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Uses of UV disinfection UV radiation has disinfection properties that inactivate bacteria, viruses, and some other microorganisms. It effectively treats Giardia lamblia and Cryptosporidium cysts, which may also be removed from water by filtration. UV is not recommended if the untreated water contains very high levels of coliform, the indicator organism that is the basis for bacteriological water tests, or if there is substantial color or slide_3turbidity (cloudiness) in the water. UV is effective only if the light intensity reaches the organism in question; therefore, nothing should be present in the water that shields the organism from the radiation. Household UV treatment could conceivably be used for chlorinated water from a public supply if the home has a treatment device, such as an activated carbon filter, that removes chlorine (and thus allows bacterial growth). In this case, UV provides a final disinfection of the water supply.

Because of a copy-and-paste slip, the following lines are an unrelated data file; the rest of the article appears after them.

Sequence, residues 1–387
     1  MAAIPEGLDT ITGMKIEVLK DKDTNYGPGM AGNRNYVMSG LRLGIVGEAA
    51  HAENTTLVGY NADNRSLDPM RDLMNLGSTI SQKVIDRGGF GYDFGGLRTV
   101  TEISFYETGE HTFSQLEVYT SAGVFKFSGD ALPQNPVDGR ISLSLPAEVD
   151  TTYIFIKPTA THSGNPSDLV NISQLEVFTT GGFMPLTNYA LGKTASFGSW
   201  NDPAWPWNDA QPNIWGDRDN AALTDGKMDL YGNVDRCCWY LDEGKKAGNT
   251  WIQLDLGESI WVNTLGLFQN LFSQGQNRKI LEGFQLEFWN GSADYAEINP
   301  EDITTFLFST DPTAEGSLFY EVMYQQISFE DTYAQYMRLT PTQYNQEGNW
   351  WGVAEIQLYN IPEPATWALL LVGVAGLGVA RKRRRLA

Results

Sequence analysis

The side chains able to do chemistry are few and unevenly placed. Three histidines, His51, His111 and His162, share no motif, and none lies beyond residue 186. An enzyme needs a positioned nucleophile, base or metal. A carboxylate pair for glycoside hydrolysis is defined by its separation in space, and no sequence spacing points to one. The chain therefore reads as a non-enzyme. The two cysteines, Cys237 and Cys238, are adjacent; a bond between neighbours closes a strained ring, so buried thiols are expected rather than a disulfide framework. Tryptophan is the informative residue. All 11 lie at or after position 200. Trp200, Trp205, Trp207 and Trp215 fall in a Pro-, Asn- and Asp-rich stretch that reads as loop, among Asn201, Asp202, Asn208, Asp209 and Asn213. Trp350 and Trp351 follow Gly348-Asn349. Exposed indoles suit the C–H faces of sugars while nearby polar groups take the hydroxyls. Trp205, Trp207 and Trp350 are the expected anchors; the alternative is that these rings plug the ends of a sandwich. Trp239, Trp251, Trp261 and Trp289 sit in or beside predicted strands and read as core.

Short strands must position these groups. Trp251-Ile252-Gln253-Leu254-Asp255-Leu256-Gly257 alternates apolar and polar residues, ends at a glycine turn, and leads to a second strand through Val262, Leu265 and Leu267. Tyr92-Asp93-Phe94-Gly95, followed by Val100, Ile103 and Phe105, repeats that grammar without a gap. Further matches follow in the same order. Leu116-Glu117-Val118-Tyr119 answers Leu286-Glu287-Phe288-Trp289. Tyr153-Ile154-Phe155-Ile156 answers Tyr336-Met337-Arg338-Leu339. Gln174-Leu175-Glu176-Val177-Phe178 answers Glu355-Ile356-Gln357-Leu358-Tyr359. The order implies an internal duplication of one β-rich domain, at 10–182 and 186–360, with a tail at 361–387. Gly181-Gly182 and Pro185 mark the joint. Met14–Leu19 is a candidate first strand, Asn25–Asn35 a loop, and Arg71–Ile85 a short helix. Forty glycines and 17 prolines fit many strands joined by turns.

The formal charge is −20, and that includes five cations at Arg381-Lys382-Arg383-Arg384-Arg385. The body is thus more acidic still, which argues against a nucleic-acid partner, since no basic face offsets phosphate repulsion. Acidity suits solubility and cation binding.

Principles of UV disinfection UV radiation has three wavelength zones: UV-A, UV-B, and UV-C, and it is this last region, the shortwave UV-C, that has germicidal properties for disinfection. A low-pressure mercury lamp resembling a fluorescent lamp produces the UV light in the range of 254 nanometers (nm). A nm is one billionth of a meter (10-9 meter). Since most microorganisms are affected by radiation around 260 nm, UV radiation is in the appropriate range for germicidal activity. There are UV lamps that produce radiation in the range of 185 nm that are effective on microorganisms and will also reduce the total organic carbon (TOC) content of the water.